Negotiating Tips November 16, 2023

What Is Something Worth?

What is something worth? By Dr. Chester Karrass There is a world of difference between what something is worth and what it costs...

What is something worth?
By Dr. Chester Karrass

There is a world of difference between what something is worth and what it costs.  Things that cost little to produce can carry high price tags, and vice versa.  Cost is subordinate to worth from a negotiating standpoint. 

Worth analysis can shed more light on another party’s needs than volumes of cost data.  Accountants and cost specialists have avoided worth because it is difficult to analyze and defend.  Their avoidance is unfortunate because the key to setting sensible negotiating targets lies more in what a thing is worth than what it costs.

What something is ‘worth’ depends upon how we approach this value question.

Recognize that in negotiating an exchange of goods or services, each participant may value items differently.  A buyer, the buyer’s organization, the salesperson, and the salesperson’s organization do not see the product or price the same way.  The salesperson may view the sale in terms of a free trip toHawaii, while the buyer may perceive it as just another requisition to be disposed of.  Neither may be deeply concerned with profit, cost, or use.  The exchange of goods or services can be worth something different to every person involved.

Here’s just a few ways we can look at ‘worth.’

  1. Worth may be related to a company’s ability to pass increased cost on to a third party.  A product may actually be worth more to a buyer if they pay more for it.  This happens when a percentage is added by the buyer and passed on to the customer.

  2. Companies who automate can build a mousetrap faster.  Yet they can charge the same price that less efficient producers do.  Their costs are irrelevant with respect to price.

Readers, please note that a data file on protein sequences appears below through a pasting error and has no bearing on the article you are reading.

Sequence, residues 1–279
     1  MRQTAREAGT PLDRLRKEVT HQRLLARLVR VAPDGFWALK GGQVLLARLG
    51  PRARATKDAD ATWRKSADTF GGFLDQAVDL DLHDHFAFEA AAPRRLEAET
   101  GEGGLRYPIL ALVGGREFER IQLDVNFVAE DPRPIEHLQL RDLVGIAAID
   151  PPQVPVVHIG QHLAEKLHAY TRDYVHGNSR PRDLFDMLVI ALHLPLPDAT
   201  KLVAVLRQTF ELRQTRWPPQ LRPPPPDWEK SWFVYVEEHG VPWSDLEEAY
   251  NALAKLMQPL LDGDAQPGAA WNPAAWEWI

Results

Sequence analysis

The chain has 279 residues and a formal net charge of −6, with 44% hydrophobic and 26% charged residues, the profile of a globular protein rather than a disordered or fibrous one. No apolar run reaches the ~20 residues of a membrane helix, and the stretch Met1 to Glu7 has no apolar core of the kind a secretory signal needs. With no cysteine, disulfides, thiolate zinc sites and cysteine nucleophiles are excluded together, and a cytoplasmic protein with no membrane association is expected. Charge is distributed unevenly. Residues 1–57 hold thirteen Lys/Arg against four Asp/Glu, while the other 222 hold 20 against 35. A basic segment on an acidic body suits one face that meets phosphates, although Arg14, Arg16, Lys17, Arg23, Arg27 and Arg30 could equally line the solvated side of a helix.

3. A component that does the same work as three other parts can be worth the price of the three parts it replaces. 

  4. Worth may be related to a buyer’s gain.  If a seller knows that a buyer will make a windfall profit in reselling the product, the seller may raise their price so they can make a claim on some of the windfall.

  5. A company may be content to sell a product at a price that merely covers direct costs, if in doing so they can keep their employees working during a slow period.

  6. 6.  When a publicity agent takes on an important client at a low fee, they do so in the hope that other big-name clients will be attracted.

  7. The worth of a service may be established by a standard or custom, or based simply on ability to pay.

  8. Worth and special knowledge are related.  The tax accountant with experience on a specific problem may charge on the basis of what they know rather than on a time basis.

  9. Worth may be related to matters irrelevant to the economics of a specific transaction.  In mergers and acquisitions, companies may be worth a lot if stock is exchanged, and much less if cash is used.

  10. Worth can be related to what might happen is the deal falls through.

  11. Worth may be related to cost.  In a free, competitive market, it sometimes is.

There are many ways to look at the broad question of ‘value’ and ‘worth’ – a very important component in any negotiation.  Conduct a little ‘worth analysis’ the next time you plan for a negotiation.  I find this useful when establishing targets.

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